Snippets: Last week of February version

We wrap up February with a 99designs epiphany, the new Cleveland Brown logo looks awfully like the old one, some logo nostalgia, Oscar graphics, Lego Oscars, logo design tips and a couple of llamas go on the lamb. Running a little behind with this, but sticking with our better late than ever philosophy, still publishing this round-up on Monday night rather than on the weekend like we’re supposed to. The last week of February was a busy week, lot’s of stuff to cover, so we’re going to forgo our usual intro and get right down to it. Welcome aboard. Well, yeah, that’s kinda been our point all along.. Not impressed by @99designs telling you there's a money back guarantee and then telling you get better designers if promise to not use it — Hadley Wickham (@hadleywickham) February 21, 2015 Design contest sites – 99designs in this instance – are being kinda disingenuous with their click-baity “get a logo you love or 100%, no-questions asked, money back guarantee” starbursts. See, they’ll tell if you want GOOD designers via the platform, you should waive the guarantee and promise to pay said designers. Which is what other designers have been saying all along. Because while you may get free design work by not guaranteeing your contests, no designer worth their salt are going to supply you with said artwork, cause they’re too busy selling their artwork, like professionals are supposed to do. Thus, the contests that don’t get guaranteed – when you can still get your money back – feature designers who aren’t making a living anywhere else and aren’t professional designers,...

Snippets: Our weekly recap of all things logo & design

Photoshop turns 25, a load of new logos, great design resources, creepy emoji for introverts, Obama’s kumbia Terror-Busting logo, how the gig economy is either doomed or the end of us all, history of Warner Brothers’ logos and a pre-Oscars look at the Oscars logo. Etc. It was a busy week around The Factor (with apologies to Bill O’Reilly, who’s in a spot of bother of his own so he probably won’t mind) what with Valentine’s Day, Canada’s Maple Leaf 50th Anniversary, a couple of snow storms and some of the coldest weather this winter. Still, we managed to shamelessly troll 50 Shades of Grey and explain why you see things in logos that aren’t really there. Now, it’s time for Snippets, our weekly look back at the week that was. Without further adieu.. It’s not all sparkles and Unciorns… Some Valentine’s Day history is pretty grim. And has an awful lot to do with sex.. The history of the heart symbol and what the "logo of love" actually means http://t.co/HQ3C7pMeAs pic.twitter.com/cfE9mFcvfz — The Logo Factory (@TheLogoFactory) February 15, 2015 You had one job.. One. Try Harder pic.twitter.com/L6sIZlHwEe — Adland (@adland) February 15, 2015 Two fonts. Two. Any more and your logo looks like a ransom note. This will help.. This useful guide to font pairing helps you make happy typographic marriages http://t.co/cdX09A4Zem pic.twitter.com/girlulZhcW — TAXI (@designtaxi) February 15, 2015 99 Designs, Crowdspring, Fiver, Fourerr, Threer, Whateverer.. The former labor secretary would like a word. Former secretary of labor: The "collaborative" or "sharing" economy should be called the "share-the-scraps" economy http://t.co/GNBYJIPXZh — The Logo Factory (@TheLogoFactory) February 16, 2015...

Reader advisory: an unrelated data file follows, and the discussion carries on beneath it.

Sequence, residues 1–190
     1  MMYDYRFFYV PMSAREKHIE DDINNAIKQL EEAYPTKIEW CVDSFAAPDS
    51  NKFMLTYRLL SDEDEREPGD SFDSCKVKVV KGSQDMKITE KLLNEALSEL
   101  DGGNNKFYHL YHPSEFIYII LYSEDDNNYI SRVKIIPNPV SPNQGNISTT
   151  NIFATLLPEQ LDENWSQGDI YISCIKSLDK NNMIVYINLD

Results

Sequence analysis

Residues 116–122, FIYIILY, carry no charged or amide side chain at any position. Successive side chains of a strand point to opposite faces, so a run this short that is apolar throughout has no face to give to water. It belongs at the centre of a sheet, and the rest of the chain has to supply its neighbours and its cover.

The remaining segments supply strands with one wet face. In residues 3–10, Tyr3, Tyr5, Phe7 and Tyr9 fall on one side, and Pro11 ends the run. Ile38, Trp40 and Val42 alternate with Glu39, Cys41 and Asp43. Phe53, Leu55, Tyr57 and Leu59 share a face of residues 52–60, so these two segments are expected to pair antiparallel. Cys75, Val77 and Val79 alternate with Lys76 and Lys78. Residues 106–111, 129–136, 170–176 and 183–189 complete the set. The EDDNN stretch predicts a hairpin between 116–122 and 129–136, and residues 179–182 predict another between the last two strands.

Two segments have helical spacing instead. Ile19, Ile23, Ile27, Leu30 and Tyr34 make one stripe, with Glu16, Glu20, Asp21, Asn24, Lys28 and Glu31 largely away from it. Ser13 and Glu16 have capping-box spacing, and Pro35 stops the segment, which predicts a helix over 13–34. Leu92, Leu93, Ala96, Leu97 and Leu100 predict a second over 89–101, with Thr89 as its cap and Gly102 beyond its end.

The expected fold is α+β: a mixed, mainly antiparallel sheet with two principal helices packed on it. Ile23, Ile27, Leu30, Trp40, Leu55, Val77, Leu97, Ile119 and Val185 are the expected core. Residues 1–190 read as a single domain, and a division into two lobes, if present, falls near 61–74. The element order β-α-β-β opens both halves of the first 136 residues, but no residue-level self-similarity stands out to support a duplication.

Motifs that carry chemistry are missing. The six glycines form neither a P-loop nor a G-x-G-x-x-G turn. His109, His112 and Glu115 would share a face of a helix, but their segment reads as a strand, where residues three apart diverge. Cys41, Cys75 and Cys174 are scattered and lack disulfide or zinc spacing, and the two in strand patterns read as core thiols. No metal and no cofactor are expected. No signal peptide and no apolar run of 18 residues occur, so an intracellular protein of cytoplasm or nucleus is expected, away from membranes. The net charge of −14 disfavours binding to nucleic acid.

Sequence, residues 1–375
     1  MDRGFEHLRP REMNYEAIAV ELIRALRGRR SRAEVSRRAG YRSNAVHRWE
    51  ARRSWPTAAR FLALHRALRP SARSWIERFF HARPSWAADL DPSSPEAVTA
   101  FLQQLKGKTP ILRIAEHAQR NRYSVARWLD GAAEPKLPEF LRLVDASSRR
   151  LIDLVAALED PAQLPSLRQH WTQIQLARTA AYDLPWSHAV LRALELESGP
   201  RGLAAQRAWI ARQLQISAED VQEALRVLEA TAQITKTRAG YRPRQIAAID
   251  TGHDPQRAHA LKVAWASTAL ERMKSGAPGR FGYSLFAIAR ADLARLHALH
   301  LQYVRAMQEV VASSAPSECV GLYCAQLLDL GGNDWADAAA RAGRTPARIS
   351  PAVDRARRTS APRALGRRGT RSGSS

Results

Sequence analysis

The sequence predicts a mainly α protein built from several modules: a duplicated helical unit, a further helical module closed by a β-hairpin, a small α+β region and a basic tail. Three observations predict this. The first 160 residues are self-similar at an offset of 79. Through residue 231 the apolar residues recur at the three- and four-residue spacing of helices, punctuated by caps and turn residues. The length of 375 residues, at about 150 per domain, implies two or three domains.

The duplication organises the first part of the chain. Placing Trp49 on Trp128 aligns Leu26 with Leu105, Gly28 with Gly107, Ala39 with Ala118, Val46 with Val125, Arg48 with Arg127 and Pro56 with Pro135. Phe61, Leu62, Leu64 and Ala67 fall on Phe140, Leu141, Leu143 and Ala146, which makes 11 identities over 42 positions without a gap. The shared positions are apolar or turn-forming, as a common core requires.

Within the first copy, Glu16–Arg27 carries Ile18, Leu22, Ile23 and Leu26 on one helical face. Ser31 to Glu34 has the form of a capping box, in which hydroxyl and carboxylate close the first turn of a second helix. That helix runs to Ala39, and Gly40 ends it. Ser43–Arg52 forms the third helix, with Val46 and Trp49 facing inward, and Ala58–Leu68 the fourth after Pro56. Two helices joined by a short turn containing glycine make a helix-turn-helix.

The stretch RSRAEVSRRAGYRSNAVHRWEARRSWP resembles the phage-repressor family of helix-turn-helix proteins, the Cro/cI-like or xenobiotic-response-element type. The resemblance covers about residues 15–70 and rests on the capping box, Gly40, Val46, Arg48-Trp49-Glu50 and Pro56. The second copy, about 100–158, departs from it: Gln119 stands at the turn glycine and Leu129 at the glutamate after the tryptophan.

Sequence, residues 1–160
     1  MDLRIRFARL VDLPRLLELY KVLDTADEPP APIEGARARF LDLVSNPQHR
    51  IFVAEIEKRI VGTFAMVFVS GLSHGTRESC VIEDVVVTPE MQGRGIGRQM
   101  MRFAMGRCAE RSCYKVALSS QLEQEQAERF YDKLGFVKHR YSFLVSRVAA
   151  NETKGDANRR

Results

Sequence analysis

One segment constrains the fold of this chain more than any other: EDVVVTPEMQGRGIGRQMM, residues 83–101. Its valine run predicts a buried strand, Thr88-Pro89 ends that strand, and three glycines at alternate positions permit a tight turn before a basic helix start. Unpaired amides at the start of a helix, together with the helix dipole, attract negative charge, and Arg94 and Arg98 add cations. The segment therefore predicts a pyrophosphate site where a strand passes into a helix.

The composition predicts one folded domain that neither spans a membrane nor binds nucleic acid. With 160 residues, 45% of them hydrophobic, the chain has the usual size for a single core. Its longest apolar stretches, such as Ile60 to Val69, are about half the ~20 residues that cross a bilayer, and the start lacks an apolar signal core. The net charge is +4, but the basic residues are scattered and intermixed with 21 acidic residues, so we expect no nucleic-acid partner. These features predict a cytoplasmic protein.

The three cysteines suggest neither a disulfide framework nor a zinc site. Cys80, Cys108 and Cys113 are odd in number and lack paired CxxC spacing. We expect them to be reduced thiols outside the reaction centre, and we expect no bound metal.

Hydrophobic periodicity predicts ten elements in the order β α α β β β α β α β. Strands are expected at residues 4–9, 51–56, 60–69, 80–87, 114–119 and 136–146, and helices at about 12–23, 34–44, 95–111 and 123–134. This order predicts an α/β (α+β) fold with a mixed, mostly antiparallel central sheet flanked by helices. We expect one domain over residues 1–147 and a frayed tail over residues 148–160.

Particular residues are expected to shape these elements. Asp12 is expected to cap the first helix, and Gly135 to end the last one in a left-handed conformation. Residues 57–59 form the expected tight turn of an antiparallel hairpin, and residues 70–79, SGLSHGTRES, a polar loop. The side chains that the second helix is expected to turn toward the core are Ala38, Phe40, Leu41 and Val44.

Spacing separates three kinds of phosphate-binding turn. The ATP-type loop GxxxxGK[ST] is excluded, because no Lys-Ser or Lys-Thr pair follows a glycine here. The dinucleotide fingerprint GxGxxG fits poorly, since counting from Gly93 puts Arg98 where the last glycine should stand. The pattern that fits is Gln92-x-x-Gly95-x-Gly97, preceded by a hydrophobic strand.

Snippets: Another weekly round-up of design & logo goings on